We talked to David Galownia of Slingshot about software development during the pandemic.
First of all, how are you and your family doing in these COVID-19 times?
David Galownia: Great, thank you for asking! The isolation can be tough at times, but we enjoy each other’s company and have gotten out more now (of course, with masks and social distancing).
Tell us about you, your career, how you founded Slingshot.
David Galownia: I am the founder and owner of Slingshot. We started developing software way back in January of 2005.
In the early days, I was just a guy out of college and didn’t know what I was doing. I made mistakes and learned along the way. I’m very much a ‘throw myself into the fire and figure it out’ kind of guy.
After graduation, I knew I wanted to start a company; I was good at software development and had fooled around with some product ideas (never really getting anywhere). Along the way, we did consulting to pay our bills and realized we were quite good at it. About 2 years in, we decided to see what would happen if we focused just on custom software development. We created our vision: to hire the best people, build a culture where we would want to work, and focus only on development. From there, we grew over the years and evolved as we went.
Today, that original vision still remains, but it’s manifested in different ways. We call ourselves big kids and daredevils because we are all very curious and imaginative, yet serious about what we do. We have a culture that values integrity over making a buck, and everyone knows to speak the truth (even when that’s hard to hear). We carry that same mentality to our clients. We’re not going to be a yes-man. When you hire us, be prepared to hear the truth.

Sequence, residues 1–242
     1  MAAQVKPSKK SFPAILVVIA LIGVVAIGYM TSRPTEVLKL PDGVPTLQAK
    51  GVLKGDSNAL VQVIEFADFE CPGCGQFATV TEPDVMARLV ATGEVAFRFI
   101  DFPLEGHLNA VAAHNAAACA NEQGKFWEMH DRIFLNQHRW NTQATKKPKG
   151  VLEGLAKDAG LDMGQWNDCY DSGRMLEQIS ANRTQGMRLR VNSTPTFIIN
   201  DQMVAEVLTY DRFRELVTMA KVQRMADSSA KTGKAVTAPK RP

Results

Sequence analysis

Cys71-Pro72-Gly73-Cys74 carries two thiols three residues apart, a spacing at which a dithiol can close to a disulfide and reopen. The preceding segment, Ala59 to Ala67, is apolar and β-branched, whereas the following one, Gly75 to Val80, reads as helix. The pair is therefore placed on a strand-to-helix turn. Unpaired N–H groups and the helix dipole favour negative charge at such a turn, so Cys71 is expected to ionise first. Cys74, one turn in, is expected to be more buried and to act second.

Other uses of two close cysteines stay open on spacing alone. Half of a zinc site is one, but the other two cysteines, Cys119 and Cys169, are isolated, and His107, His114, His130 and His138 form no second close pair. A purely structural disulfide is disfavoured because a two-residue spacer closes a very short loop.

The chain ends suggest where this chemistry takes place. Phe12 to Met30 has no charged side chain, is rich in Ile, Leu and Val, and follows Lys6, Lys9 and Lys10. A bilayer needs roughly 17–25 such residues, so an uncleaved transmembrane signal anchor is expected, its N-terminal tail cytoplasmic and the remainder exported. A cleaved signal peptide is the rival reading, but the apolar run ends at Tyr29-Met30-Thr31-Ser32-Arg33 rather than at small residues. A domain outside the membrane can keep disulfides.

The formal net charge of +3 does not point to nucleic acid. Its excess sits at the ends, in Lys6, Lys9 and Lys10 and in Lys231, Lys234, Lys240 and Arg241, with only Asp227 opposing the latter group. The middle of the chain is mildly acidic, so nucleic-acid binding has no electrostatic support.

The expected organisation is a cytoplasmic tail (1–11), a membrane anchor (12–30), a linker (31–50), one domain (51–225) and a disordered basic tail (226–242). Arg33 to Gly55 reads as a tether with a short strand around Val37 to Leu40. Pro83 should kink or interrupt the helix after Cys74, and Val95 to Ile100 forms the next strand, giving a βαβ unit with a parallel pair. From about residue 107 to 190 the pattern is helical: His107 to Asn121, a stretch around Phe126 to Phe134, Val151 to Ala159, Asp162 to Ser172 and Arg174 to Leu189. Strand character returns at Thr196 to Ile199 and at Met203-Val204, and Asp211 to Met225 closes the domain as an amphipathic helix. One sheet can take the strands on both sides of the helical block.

How does Slingshot innovate?
David Galownia: Innovation starts with hiring folks who have the passion and want to improve; it continues by creating a culture where challenging the way things are done is the norm, and people feel free to speak their truth and share their ideas. When we build software, our process is geared towards getting our work in the hands of users early. That way, we can pivot easily, or even in some cases, decide to kill a project. There have been several times in our history where we’ve turned down six-figure work because we didn’t feel it was the right way to go. At the end of the day, when someone brings an idea to us, we care about the person and their success, not just building ‘something cool and expensive.’
How the coronavirus pandemic affects your business, and how are you coping?
David Galownia: For us, transitioning to work remotely was easy because we were already set up to do that. However, not seeing faces in person is tough. Video calls can help, but fatigue sets in, and they get old. Lately, we’ve held socially distant lunches and produced videos where people come to the office to film their part. We are also very active in our Slack channel and try to connect personally there.
From a business perspective, when everything closed down, people temporarily stopped investing in tech projects. Ongoing projects continued, but the pipeline of new work started to dry up. Fortunately for us, after a few months, work started coming back. Ultimately, people are resilient and can’t be held down for a sustained period. Some industries, without a doubt, have it tougher than others; we feel for those industries.